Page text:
Irish club Hibs Shek to their titles and championships
Founded by Irish immigrants, Hibs set the trend for Catholic communities in Scotland to create soccer clubs. As a result, the soccer map was filled with such teams as Dundee Harp, Dundee Hibernian (now Dundee United) and Glasgow Celtic. Brother Walfrid, one of the founders of Celtic, regularly invited Hibs to play in Glasgow when Celtic did not yet exist. Thus, the club played against Renton in front of 12,000 spectators. Glasgow was then home to many more Irishmen than Edinburgh. Then Brother Walfrid realized that the club could be of much more use to the local Irish community than visitors from Edinburgh, with all due respect.
Here the fates of Hibs and Celtic begin to intertwine, Celtic club was founded in Glasgow in November 1887, and in May the following year Celtic played their first match. The squad then included quite a few Hibernian players, which, in a sense, set a trend.
John Glass, the financial backbone of Celtic, was the wind of change that indirectly nearly swept Hibs into oblivion. Glass himself came from an Irish family, and together with his brother they were in the construction business. It can be said that this man did a lot for Scottish soccer, embodying the idea of his brother Walfrid. This meek and hardworking man was able to understand in time that once English soccer starts to become on the professional rails, then the same can be repeated in Scotland. Glass gave Celtic players a permanent job at a developing club, something Hibs, alas, could not promise at the time. “Celtic stepped on the path of success, which will continue in these days.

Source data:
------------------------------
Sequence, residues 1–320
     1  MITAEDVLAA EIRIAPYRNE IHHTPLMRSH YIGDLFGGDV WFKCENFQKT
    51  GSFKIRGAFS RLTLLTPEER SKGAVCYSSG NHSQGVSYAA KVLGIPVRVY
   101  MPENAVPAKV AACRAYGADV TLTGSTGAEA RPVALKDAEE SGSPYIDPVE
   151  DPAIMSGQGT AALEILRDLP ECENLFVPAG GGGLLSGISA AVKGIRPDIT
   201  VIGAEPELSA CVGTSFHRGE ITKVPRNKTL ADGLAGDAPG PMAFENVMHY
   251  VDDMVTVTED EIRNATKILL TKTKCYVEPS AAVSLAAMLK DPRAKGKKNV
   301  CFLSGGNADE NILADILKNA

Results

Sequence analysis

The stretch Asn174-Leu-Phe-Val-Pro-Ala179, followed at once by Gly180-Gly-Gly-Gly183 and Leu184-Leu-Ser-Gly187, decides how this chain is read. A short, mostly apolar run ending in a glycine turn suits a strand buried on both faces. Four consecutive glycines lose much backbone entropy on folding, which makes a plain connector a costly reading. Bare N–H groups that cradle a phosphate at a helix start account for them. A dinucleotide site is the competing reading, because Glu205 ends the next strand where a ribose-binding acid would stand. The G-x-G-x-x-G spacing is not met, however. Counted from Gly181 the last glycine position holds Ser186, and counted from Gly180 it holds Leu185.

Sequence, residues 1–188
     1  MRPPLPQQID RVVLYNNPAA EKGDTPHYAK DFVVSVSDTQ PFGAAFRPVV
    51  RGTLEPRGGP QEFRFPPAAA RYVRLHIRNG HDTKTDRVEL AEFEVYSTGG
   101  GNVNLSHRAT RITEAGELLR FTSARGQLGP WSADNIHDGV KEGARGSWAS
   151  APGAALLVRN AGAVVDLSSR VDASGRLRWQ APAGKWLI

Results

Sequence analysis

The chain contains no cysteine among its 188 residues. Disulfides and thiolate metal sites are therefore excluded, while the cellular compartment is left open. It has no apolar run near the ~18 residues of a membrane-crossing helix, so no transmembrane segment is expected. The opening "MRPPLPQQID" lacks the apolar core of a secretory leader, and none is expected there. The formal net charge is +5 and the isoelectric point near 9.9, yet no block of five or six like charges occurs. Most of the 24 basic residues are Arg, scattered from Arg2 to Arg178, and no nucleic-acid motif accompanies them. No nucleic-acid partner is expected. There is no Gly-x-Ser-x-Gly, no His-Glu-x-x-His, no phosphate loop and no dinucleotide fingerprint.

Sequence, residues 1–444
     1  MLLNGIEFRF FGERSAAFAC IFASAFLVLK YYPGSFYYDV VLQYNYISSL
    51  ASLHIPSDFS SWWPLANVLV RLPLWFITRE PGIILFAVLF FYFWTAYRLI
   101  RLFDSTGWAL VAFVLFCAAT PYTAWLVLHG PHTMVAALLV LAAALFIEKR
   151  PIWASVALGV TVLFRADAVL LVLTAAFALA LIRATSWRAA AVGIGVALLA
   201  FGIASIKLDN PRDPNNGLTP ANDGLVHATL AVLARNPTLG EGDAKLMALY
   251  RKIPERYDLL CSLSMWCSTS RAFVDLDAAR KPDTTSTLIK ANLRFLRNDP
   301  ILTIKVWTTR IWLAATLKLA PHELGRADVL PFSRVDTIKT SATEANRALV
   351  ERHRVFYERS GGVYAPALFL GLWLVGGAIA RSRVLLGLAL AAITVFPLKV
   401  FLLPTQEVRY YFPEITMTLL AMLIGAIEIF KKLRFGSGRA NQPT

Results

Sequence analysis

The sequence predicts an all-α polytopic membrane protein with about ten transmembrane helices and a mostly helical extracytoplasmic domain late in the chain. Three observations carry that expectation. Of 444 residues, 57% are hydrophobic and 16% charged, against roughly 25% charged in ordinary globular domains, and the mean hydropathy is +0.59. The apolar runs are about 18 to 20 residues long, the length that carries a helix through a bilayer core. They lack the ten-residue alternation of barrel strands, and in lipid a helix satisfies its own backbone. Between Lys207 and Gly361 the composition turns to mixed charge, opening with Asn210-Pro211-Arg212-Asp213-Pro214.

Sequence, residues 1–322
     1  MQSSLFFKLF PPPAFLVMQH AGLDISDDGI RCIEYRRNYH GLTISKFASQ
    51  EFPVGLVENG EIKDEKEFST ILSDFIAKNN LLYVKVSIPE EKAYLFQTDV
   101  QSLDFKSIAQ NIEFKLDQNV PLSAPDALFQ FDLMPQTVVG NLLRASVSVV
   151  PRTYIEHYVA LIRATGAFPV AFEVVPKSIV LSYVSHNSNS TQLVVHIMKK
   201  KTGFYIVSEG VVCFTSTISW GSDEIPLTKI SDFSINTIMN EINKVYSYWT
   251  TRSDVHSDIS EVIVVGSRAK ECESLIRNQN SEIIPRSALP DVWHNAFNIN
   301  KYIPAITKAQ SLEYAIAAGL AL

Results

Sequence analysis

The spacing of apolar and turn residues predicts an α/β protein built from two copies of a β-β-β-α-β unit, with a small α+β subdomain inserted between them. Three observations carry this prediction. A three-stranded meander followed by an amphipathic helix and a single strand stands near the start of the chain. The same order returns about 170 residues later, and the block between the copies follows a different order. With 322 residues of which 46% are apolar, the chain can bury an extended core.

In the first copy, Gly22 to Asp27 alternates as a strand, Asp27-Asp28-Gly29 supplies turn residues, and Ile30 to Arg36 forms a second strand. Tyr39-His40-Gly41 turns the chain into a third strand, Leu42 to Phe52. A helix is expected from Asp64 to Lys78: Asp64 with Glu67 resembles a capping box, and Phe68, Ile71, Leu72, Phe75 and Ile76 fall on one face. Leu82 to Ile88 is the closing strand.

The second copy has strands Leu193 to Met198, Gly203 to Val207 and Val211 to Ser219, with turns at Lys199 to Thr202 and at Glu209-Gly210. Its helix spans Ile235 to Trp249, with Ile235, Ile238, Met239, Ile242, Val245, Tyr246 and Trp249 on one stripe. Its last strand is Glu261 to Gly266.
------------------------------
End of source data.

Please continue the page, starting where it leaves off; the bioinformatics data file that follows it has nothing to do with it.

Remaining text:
Celtic took the commercial route, while Hibernian saw soccer only through the lens of amateur sport under the control of the church. “Celtic got off to a strong start with the transfer of James Kelly, who had played for the Scottish national team, from Hibernian. Not bad for a newly minted club. It must be said that for Glass, the signing of Kelly was a principled venture, otherwise the team would have fallen into the “No Kelly, no Celtic” position. Glass’s authority allowed Celtic to become part of the Scottish soccer structure, for the other “Irish” clubs there were treated with some disdain. Brother Walfrid also had a lot to do with creating a positive image of the club.
This depleted Hibs, while Celtic took four national championship titles in the 1890s. It became difficult for the Edinburgh club to retain players, and attempts by opponents of professional soccer to persuade Hibernian to move to Glasgow to support the newly formed Glasgow Hibernian failed. This club should be discussed in a separate article, but in brief, the first vice-president of Celtic, James Quillan, wanted to create a club in Glasgow based on the principles of amateur soccer. The results on the field were disappointing, spectators to matches went to several times less than at Celtic and Queens Park, and in the end it became clear that the income from the matches do not cover the costs adequately. Debts sank the club.